James R. Scott
MR. WHITE SAID: “My wife and I were married in 1880, in Johnson County, Illinois, where most of our relatives live. Last fall we came west, to take a claim. When we reached Winfield, I thought it would be better to stop here, work at my trade, painting, until spring and then go out west. But I was unable to obtain much work, rents were high, and we had a hard time to get along. Last April I got permission of T. J. Johnson to build this shanty, to save rent, and here we have since lived. We rented a garden patch, my wife tended it while I painted, and we were getting along well. In Illinois I was once in the edge of a fearful cyclone, one that tore up everything in its track, and I have since been deathly afraid of storms. My wife wasn’t afraid, and so since living here I have been in the habit of going down into the lime kiln (on the creek’s bank, in the edge of the timber about a hundred feet from the house), and staying there till the storm was over. Last night, about 12 o’clock, it looked like a cyclone, and leaving the babies asleep and my wife lying on the side of the bed with only her shoes off, went down to the kiln, thinking to prepare it for the wife and babies; but on reaching there, I covered my head with an oil cloth and stayed probably an hour and a half, not considering it worthwhile to get the folks. It quit raining and calmed down and I went to the house. Before I got there a flash of lightning showed the door to be ajar and it looked like the light was out. On getting there I found the door partly open, but the light burning all right. My wife was lying as I had left her excepting her head was hanging over the edge of the bed and her face was covered with blood. I thought she had fallen, hurt herself, and fainted; and I ran for Mr. Mann and Mrs. J. R. Scott (both living only a little way) and got some camphor. She was unconscious and her hair had fallen down over the awful gash covering it so that I didn’t know how bad she was hurt until somebody brought Doctors Emerson and Graham. Then it dawned upon me that some devil had come into the house while I was out and dealt the awful blow. My wife or I hadn’t an enemy in the world that we knew of; have always got along well and were as happy as our poor circumstances would admit. I don’t have the least idea who could have done the deed. I heard no screams and had suspicioned no one or any such harm. She is my first wife and we only have these two children. She is twenty-four years old and I am thirty-six. She weighed about one hundred and fifty pounds, was unusually healthy and always light-hearted. Her folks are well off in Illinois, and we have both seen better days. I have been painting for twelve years. I took much pride in landscape and sketch painting, and hope to make a fine artist.” Several sketches of Winfield residences and scenery were lying around the house, among them sketches of the homes of W. J. Wilson and Dr. C. Perry, painted for practice.
THE NEIGHBORS. Our reporter interviewed the neighbors and found that all had formed a good opinion of Mr. and Mrs. White. None had ever heard of a family jar or anything that would denote domestic infelicity. Both husband and wife always appeared to be industrious and happy as possible with such meager pecuniary comforts. Mr. Mann was the first neighbor aroused last night, between one and two o’clock. He hastily put on his clothes and went over. When he got there, White had his wife in his arms dashing water in her face, which was streaming with blood. When Mann came in he laid her down on the bed and ran over to J. R. Scott’s, the painter, and Mrs. Scott was soon at the murdered woman’s side. Mrs. White and Mrs. Scott had been more intimate than any of the rest of the neighbors and takes much sympathetic interest in the sad affair. She found Mrs. White lying on the bed unconscious, her frame in a terrible tremor, and the blood streaming from her mouth and nose. The husband was trembling from head to foot, though making no other demonstrations. The physicians arrived at four o’clock, and not till then, when a number of neighbors had gathered, did any realize the terrible extent of the injury. White told all the neighbors when he aroused them that his wife had fallen and hurt herself, and he didn’t appear to understand how bad the hurt was. Mrs. White had often told Mrs. Scott how good her husband was to her. One day last week she called Mrs. Scott’s attention to a trampish looking man whom she said was an utter stranger to her and yet had passed by her door several times with a queer stare at the house. The children didn’t wake up until the noise made by the neighbors as they came in, and knew nothing of the tragedy that takes away their mother.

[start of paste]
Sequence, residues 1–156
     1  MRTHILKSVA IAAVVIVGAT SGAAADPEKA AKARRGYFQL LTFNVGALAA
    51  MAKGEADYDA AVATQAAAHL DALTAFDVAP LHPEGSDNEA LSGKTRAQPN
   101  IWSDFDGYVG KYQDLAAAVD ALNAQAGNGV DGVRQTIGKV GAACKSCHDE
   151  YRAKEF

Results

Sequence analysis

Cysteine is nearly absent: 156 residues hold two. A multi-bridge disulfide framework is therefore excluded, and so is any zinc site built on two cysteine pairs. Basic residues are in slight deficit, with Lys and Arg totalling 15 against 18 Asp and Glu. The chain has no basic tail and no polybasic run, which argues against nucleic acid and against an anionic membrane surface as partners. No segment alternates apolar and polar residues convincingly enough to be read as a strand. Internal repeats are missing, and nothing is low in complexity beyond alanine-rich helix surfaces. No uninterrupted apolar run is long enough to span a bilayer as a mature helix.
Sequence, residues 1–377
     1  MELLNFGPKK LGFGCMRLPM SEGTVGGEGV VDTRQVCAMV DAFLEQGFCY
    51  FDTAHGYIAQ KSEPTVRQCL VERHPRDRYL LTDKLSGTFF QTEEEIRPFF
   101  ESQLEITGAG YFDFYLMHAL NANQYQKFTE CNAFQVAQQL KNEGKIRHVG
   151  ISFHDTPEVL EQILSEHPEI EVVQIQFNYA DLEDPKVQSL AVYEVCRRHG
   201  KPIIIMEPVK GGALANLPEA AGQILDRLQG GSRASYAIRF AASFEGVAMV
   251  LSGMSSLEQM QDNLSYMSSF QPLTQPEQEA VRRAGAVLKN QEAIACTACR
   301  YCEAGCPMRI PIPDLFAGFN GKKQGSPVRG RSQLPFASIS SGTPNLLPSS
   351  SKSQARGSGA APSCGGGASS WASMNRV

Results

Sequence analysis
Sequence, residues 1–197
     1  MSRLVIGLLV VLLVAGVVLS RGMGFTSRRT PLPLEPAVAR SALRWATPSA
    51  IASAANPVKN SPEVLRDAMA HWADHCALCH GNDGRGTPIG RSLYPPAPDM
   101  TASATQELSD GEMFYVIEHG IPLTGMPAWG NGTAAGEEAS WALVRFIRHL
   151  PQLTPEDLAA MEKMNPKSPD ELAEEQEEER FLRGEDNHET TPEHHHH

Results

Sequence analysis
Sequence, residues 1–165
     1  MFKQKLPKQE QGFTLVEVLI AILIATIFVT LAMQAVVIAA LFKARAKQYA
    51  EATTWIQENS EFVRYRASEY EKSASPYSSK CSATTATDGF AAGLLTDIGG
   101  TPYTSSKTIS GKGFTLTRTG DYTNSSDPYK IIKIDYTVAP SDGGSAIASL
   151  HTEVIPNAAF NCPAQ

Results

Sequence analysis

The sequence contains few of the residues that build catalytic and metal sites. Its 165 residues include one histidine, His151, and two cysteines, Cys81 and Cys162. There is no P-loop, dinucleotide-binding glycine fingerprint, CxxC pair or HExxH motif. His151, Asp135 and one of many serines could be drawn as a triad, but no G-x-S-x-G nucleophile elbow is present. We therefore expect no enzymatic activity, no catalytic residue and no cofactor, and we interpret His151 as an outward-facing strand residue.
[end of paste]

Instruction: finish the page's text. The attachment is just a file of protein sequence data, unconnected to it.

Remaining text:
J. R. Scott, the painter, who was so ready to swear that he obtained intoxicants and got drunk in Farnsworth’s lunch room, and then on the witness stand swore that he drank sweet cider and got “sick,” got a good deal sicker yesterday. He was hauled up, as soon as the Farnsworth case was over, before Judge Turner and plead guilty to a “plain drunk” and got $12.25. Then Sheriff McIntire gobbled him and in Justice Snow’s court Scott’s pocket was relieved of $23.50. It costs something now-a-days to go off on a little booze. A double dose, one in municipal court and one in the State.